James Franco’s Greatest Role May Be Playing Himself

In his new book, <em>Hollywood Ending</em>, it’s hard to tell where the actor ends and the cartoonish public figure begins—which is precisely the point
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Remember when James Franco was just another promising actor who was uncommonly vocal about his artistic ambitions? These days, he’s a full-blown media caricature, a role that no one seems to relish more than Franco himself.

When it comes to his public image, 2014 has been quite the feeding frenzy, most of which he seems to have manufactured. Aside from an Instagram scandal with an underage would-be paramour, he published a book of poetry, starred in a movie based on a short story collection he wrote, painted Seth Rogan in the nude, and threatened to remake one of the best bad movies of all-time. This week, he released Hollywood Dreaming: Stories, Pictures, and Poems, his sixth book since 2010.

Sticking to the Southern California themes he explored in his earlier books, it’s a collage of poetry, short stories, and images based on movies that have affected him. The first few pages feature paintings of Franco by Franco as characters in assorted Franco movies. It’s like stepping into a real-life version of Being John Malkovich but with more Spider-Man drawings and self-portraits.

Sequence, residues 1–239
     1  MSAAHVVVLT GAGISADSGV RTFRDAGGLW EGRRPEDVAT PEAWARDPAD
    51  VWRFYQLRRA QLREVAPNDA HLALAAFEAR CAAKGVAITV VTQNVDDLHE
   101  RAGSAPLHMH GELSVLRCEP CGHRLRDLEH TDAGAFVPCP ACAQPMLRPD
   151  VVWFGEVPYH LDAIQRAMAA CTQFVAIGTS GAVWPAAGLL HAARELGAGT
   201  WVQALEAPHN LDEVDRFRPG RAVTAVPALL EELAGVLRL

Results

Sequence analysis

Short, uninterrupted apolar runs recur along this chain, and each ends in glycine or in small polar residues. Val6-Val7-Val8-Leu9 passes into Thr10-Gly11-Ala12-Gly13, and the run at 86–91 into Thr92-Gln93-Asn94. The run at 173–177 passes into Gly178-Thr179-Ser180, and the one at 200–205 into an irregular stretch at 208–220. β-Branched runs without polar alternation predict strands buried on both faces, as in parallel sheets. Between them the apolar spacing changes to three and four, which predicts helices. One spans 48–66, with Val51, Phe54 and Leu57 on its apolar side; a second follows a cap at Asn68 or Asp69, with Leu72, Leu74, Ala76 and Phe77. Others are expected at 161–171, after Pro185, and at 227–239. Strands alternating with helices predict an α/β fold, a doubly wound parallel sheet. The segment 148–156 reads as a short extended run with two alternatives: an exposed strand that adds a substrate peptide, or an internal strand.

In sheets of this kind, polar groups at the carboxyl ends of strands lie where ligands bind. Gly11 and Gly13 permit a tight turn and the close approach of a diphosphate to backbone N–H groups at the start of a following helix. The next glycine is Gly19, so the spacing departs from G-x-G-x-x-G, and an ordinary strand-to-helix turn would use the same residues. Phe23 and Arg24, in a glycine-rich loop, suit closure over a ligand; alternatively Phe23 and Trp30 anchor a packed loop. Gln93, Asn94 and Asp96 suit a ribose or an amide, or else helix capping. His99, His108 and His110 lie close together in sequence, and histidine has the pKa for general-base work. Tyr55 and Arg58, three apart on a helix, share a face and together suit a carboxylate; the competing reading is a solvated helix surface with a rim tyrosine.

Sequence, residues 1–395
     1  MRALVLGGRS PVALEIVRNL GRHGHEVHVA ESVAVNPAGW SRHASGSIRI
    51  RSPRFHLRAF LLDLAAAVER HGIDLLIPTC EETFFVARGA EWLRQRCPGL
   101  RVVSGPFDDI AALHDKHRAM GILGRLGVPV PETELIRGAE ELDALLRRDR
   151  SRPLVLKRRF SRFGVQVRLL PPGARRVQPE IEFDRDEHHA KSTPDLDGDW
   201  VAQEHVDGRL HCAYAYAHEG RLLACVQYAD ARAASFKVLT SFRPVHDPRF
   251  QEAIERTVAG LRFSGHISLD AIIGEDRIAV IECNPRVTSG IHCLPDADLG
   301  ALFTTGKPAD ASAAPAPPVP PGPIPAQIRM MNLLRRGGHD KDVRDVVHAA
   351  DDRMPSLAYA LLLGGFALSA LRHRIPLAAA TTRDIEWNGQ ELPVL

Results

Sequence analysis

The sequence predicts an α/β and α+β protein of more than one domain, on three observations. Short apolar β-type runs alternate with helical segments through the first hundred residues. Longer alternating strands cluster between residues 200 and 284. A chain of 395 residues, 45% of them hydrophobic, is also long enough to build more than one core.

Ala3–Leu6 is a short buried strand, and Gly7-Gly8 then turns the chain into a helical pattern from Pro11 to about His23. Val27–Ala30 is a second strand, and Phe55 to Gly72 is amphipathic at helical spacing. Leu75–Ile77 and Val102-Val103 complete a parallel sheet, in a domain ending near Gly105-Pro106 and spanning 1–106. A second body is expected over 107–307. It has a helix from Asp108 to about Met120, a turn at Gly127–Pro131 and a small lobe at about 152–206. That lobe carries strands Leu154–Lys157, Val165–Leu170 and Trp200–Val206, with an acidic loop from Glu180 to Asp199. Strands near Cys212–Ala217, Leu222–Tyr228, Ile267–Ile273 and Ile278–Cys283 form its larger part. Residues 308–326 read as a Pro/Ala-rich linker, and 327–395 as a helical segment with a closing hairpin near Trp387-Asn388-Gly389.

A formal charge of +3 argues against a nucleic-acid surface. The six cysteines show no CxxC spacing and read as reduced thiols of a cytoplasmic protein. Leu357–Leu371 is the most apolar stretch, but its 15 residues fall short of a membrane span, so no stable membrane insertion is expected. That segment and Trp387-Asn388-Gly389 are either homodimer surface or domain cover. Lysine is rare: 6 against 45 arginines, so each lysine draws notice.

There’s a chapter dedicated to the 2012 Harmony Korine movie Spring Breakers with pictures from the set and poems in the voice of Alien, the silver-grilled rapper that Franco portrayed:
But this one was special, because them girlz
Was doin’ sumptin like this fo’ the first time
And they wanted to be rescued, di’n’ they.

As in his other books he devotes several poems to other actors including his favorite muses, Sean Penn and Lindsay Lohan. Toward the end, after dozens of Polaroids of people wearing masks and dressed in ghost sheets, there are short stories including one where he colors certain words à la Mark Z. Danielewski. In another he introduces a couple named Mr. and Mrs. Hello who live in Palo Alto (Franco’s hometown) and have a son named Shrimp, who loves movies and dabbles in writing. The effect of the book is both peculiar and puzzling. It’s hard to tell where the real James Franco ends and the cartoonish public figure begins—which is precisely the point.

Maybe this is all a vast meta-commentary on the cottage industry in celebrity as product peddler and the product of celebrity itself. Whether it’s diet books and perfume or poetry and paintings, as long as James Franco keeps putting it out there, no matter how bizarre or bad it is, we’ll keep buying (and writing about) it. Maybe Hollywood Dreaming is a clever piece of performance art that digs deeper into Provocative Artist James Franco, the product that Artist and Businessman James Franco is selling us. As Franco so astutely put it in a YouTube video posted last week: “Check it out. It’s new, you know you want it.”

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